If you have practiced BJJ for a while now, chances are that you have already learned the basic submission moves. Moves like the Kimura, Americana, triangle choke, and armbar should be known to most of the novices in BJJ. However, once you master these basic moves, you will be able to add additional moves to your arsenal. And one of these moves is the kneebar.
The BJJ knee bar is one of the most effective, potentially devastating moves that you can master. Make sure to practice it until you get good at it – and you will undoubtedly be surprised at its effectiveness.
The basis of this move is that you will be able to use it to snap someone’s knee in half if you perform it right. If you can see the human knee in your eye, then you can see how it moves. It can retract and flex, but it cannot overextend. Well, with the kneebar you will be using this mechanism to your advantage and you will try to overextend your opponent’s knee in order to tap him out.
How to get to the kneebar position
At the gist of it, in order to get to a kneebar, you will have to create a fulcrum of your body and your opponent’s leg, grab your opponent’s leg and pull it so that you will overextend it at the knee. And there are many ways to get to this position. One way in which you can get to it would be from the knee-shield position where you’re in half-guard. All you need to do here is put your arm under your opponent’s shin and over his thigh, and then step over his torso while rotating your body and grabbing his leg. If you do this properly, you will have a kneebar.
The mistake many BJJ practitioners typically make is they don’t mind their legs a lot. But the legs are very vulnerable body parts, especially if you’re dealing with a proficient leg locker. So, if you happen to be in the mount position – or even in top side-control – and you see that your opponent’s attention is focused at his upper body, then all you need to do is to shift your attention towards his legs and grab one of them. Create the fulcrum and overextend the knee – this will result in an immediate tap out.
The dangers of the kneebar
There are a couple of dangerous moves in the BJJ arsenal. To be fair – all of the submissions in BJJ can be devastatingly powerful. For example, something as simple and as innocuous looking as the rear naked choke can result in not only sleeping your opponent but also causing permanent brain damage and even death in extreme cases if you’re not careful and get carried away. But typically, most people haven’t had any issues with the rear naked choke – typically the opponent goes to sleep and his body goes limp, and the fight stops there.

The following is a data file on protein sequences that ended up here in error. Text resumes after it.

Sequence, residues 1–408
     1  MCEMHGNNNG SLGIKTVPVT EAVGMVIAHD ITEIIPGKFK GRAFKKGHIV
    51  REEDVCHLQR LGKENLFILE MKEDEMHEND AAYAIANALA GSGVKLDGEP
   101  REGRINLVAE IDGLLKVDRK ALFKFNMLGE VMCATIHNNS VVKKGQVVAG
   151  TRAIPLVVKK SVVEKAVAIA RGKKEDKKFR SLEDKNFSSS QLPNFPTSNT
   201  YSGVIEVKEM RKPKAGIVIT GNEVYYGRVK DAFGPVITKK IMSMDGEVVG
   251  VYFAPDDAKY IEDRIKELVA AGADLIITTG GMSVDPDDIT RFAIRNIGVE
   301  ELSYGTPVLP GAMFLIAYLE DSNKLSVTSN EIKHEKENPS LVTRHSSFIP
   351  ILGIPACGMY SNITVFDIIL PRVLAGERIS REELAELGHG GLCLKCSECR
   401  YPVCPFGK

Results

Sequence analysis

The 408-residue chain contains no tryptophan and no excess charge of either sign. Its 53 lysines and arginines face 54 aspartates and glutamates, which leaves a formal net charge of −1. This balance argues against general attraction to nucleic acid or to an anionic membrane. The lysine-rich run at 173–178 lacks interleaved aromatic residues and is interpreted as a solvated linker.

But the case with the knee bar is much more delicate than this. It’s one thing to go to sleep by accident by not tapping on time – and it’s entirely another thing to have your knee snapped in half by not tapping on time. So, if you’re rolling for practice and you include kneebars in your game – make sure that you first discuss how you will go about this move with your opponents. Whatever you do, don’t overextend the knee of your opponent – even if he is acting tough and doesn’t tap immediately. You should feel confident in this move if you just grab your opponent’s leg and you feel like you’re able to overextend the knee – without actually doing it. Generally, the kneebar is a safe move as it may take some force to break the knee. But if you’re not careful, it may cause a devastating injury to your opponent.
Defending the knee bar
The best thing to do when it comes to defending this move is to not allow your opponent to get in the kneebar position in the first place. Make sure that you’re always careful about the vulnerability of your legs. Many people make the mistake of turning their knee violently to the side when they get caught in a kneebar. This is a terrible thing to do if you want to escape the kneebar. Sure, it may work sometimes – but there is a big risk that you will end up destroying your ligaments if you twist your knee without your foot following suit.
Be very mindful of moving your knee when it’s in a compromised position. If you can find a way to get out – then go about it slowly and control your movements. But if your knee is caught and you can’t do anything about it, don’t go crazy and start rolling and twisting your knee. Tap out if you have to – it’s not the end of the world.
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